Eric Cressey | High Performance Training and Education

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  1. Eric Cressey
    May 17, 2013 • 2:39 pm


    If you’ve got a low shoulder, your upper trap is probably lengthened, not short.  It might just be levator scapulae that’s giving you issues.  “Tight” is a very general term.

  2. guy
    June 28, 2013 • 8:47 pm

    hey thanks for this, i actually get lower back pain the day after doing pull ups/chin ups – any idea why? my physiotherapist says there should be no relation between pull ups and lower back pain

  3. Eric Cressey
    June 29, 2013 • 5:25 pm


    Lats are a powerful extensor of the lumbar spine. Try engaging the anterior core and pulling the knees up in front so that you aren’t doing them with an arched lower back. It should clean things up.

  4. BenK
    September 13, 2013 • 4:22 am

    Hi Eric,
    This made fascinating reading, thanks for all the info, it covers issues I’ve been wondering about for years.
    As a rock climber who does a lot of indoor bouldering training, usually followed by pull-ups, dead hangs on finger tips, I am all too familiar with the elbow issues you mentioned. Though I was lucky enough to bring mine under control with lump-hammer pronation exercises… highly recommended!

    I still struggle with my pull ups though, I have a very long torso, it gives me most of my 6 ft 3″ height and I often experience a gripping pain/sensation in my mid back, and behind the shoulder blades, for a few days after pull ups.
    I have a feeling my form is not correct.
    What would be your top tips for tall guys and pull ups considering they are so specifically important to my climbing performance?
    And what would be your essential complimentary exercises to prevent any heavy imbalances etc?

    Thanks for your time, much appreciated!!

  5. Eric Cressey
    September 13, 2013 • 5:40 am


    I’d want to see how your scapular control is.  I’d be willing to bet that you’re very limited in scapular upward rotation.  You also likely have a lot of posterior shoulder stiffness/tissue density you need to overcome.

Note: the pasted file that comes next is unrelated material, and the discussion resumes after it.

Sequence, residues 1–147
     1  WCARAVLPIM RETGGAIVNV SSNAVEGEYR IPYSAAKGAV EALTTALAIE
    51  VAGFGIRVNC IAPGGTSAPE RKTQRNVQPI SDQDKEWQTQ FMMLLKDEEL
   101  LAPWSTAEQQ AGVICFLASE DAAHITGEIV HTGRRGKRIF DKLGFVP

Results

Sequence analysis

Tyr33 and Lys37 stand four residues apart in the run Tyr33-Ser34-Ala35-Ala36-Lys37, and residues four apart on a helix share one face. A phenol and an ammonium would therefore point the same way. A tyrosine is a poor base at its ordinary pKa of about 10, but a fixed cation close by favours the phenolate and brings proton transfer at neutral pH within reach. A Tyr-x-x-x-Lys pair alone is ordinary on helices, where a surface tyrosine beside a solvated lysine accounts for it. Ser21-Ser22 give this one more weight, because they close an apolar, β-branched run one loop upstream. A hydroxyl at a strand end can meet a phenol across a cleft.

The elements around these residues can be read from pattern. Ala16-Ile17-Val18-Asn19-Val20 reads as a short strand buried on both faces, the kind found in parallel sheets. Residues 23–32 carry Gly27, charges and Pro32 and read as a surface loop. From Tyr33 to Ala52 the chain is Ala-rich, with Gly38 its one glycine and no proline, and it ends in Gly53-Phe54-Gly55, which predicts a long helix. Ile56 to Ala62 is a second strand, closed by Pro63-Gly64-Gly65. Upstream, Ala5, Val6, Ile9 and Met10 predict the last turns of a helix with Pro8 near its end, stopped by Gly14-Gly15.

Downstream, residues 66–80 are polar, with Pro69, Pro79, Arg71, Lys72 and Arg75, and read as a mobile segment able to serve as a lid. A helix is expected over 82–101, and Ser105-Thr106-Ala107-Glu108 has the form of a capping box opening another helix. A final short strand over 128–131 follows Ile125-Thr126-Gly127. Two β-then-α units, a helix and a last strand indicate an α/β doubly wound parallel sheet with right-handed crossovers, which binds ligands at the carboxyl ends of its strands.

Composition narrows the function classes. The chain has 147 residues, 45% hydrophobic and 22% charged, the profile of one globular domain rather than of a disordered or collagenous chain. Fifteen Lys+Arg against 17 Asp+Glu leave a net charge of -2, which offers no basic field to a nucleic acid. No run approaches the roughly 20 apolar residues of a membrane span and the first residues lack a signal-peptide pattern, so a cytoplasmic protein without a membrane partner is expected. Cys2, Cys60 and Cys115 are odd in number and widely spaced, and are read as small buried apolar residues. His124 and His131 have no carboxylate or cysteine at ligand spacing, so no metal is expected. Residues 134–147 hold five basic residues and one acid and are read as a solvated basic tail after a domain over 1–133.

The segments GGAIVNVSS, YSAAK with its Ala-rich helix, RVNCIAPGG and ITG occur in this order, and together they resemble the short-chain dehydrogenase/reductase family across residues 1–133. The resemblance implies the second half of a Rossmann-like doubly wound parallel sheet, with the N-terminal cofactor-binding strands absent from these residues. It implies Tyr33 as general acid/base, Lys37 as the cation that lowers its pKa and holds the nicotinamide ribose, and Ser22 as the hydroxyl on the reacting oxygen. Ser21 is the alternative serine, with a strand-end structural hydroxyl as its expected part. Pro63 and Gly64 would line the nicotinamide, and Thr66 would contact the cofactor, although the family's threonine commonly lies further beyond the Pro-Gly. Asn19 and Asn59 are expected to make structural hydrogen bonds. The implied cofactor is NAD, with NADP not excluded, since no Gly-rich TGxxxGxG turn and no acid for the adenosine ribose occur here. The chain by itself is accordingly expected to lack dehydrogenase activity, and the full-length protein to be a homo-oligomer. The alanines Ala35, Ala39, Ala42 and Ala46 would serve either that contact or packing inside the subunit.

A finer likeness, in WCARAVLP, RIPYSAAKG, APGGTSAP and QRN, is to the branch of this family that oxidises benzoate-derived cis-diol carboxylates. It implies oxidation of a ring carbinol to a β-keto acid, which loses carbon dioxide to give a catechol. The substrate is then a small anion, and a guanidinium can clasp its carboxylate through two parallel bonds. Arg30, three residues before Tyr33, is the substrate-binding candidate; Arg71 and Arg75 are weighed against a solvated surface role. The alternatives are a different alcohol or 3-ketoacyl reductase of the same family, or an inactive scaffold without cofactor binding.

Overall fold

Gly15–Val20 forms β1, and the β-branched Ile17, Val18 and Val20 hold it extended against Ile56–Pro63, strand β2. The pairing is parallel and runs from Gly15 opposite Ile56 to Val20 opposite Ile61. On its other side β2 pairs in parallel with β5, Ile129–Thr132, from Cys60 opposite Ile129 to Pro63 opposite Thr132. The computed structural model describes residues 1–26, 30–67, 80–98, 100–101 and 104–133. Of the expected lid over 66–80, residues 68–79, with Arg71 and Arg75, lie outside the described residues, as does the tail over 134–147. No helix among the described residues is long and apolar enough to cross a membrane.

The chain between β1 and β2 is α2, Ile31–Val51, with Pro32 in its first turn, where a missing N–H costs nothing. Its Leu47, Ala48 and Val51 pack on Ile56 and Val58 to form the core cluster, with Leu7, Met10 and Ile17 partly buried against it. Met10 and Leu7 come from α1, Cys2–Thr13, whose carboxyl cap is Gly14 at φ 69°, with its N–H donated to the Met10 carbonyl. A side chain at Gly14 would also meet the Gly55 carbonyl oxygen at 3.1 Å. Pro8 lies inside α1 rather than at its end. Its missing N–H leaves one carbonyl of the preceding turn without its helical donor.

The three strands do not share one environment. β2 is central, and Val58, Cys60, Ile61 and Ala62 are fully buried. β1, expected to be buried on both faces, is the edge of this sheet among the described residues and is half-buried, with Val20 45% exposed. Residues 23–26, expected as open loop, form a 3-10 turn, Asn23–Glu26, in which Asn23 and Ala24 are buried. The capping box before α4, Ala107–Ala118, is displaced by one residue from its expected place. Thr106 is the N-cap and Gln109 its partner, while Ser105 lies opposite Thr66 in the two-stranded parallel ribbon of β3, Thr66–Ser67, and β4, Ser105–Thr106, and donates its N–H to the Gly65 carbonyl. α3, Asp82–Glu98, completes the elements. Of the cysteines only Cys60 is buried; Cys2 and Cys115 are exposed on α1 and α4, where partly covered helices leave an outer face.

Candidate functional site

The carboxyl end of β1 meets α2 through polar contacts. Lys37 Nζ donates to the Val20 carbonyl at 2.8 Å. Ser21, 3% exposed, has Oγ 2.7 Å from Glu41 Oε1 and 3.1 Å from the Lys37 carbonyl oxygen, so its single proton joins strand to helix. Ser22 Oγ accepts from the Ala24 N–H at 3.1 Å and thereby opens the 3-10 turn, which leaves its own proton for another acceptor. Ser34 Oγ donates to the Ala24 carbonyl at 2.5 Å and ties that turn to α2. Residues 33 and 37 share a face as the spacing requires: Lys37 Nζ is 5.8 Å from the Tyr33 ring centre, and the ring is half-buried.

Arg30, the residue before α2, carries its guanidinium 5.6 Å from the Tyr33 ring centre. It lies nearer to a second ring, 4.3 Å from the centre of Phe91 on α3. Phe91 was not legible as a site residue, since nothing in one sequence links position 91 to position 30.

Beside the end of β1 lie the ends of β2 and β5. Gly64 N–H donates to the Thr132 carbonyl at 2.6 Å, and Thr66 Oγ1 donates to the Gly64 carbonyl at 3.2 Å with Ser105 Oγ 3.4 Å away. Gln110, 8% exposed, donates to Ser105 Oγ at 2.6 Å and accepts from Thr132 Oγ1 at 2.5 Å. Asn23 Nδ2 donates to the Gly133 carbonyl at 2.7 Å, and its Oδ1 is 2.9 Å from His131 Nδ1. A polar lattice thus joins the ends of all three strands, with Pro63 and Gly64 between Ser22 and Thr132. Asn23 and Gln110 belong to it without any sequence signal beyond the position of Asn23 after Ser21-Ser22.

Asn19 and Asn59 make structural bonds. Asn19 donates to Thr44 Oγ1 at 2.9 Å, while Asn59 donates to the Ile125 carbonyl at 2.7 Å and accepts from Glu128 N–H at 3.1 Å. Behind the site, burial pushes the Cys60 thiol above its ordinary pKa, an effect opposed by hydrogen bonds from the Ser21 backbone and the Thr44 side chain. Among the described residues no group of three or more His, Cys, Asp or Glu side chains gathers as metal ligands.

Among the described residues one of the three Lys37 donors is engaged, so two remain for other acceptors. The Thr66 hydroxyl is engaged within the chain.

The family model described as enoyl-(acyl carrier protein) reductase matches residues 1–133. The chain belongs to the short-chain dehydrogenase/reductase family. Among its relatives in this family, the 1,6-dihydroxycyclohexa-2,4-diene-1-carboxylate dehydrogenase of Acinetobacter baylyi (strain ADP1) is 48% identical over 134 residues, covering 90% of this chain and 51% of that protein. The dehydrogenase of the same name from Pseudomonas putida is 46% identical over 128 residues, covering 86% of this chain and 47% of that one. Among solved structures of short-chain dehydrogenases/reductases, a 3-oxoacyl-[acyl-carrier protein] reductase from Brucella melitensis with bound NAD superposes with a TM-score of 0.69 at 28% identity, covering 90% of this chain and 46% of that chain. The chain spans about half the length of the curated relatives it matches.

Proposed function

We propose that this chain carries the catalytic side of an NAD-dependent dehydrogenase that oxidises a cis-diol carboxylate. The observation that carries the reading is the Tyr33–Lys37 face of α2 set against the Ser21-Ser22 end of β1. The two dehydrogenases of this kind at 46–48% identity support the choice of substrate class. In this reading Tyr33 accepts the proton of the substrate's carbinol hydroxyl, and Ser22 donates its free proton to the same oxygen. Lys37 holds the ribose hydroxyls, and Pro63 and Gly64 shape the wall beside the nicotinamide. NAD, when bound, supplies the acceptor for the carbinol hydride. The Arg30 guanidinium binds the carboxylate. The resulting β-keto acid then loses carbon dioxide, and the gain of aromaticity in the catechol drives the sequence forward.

A few exercises I’d incorporate:

  6. BenK
    September 17, 2013 • 9:54 am

    Hi Eric,
    Amazing, after years of the recurring pain these exercises seem to be easing it already after just a few sessions?! I’ve seen lots physios and had various treatments but this advice seems to be hitting the nail on the head so thank you again!

    My rotation was pretty limited and I can feel some serious stretching going on during these exercises.

    If there are any more you’d recommend then please do let me know!

    Thanks again

  7. Raylan Bowman
    October 31, 2013 • 3:29 pm

    Wow unbelievable I actually have some of this stuff going with me. For instance the ribs, but I do pull u

  8. Demetrios John Tsinopoulos
    December 21, 2013 • 5:36 pm

    Amazing post, I actually haven’t been able to execute a pull up for years since a cervical injury which got me into a lot of issues, on my right upper side. But now with a lot of corrective exercises and from what I’ve seen to be as one of the best things of all Deadlifts (if done correctly) I’m on my way, but still hanging from the pull up bar gives me a pinching pain in my armpits. Any ideas?

  9. Des Golden
    December 21, 2013 • 6:39 pm

    This is an excellent post. It sums up my own movement shortcomings. If you were to pick one exercise or stretch to lengthen the lats what would it be?

  10. Eric Cressey
    December 23, 2013 • 8:43 am


    I really like bench t-spine mobs with an exhale at the bottom.

  11. Fani
    February 19, 2014 • 8:24 pm

    Hi Eric,
    Great article.
    You haven’t mentioned anything about Behind-The-Neck (BTN) pullups, what can you say about this? I read one of your articles that you dont recommend Behind-The-Neck (BTN) pulldowns. Accdng to your article pulldowns are traction exercises as well as pullups. Is there any reason I should also ditch the BTN pullups ?, say for overall strength and safety

  12. Eric Cressey
    February 23, 2014 • 4:55 pm


    I don’t like them at all.

  13. Allan
    March 9, 2014 • 12:41 pm

    Excellent article, just what I was looking for. I experienced some shoulder pain 3-4 weeks ago that still lingers today after going through a few weeks of benching and weighted chin ups. Bodyweight chin ups still bother the hell out of my left shoulder on the posterior side. I saw a orthopedic surgeon and had a mri done earlier this week. If the mri rules out a muscle tear, what corrective exercises/stretches can I do to bring my shoulder back to 100%?

  14. Eric Cressey
    March 10, 2014 • 7:09 am


    It’s impossible to say without evaluating you.  I’d ask your surgeon for a physical therapist recommendation/referral.

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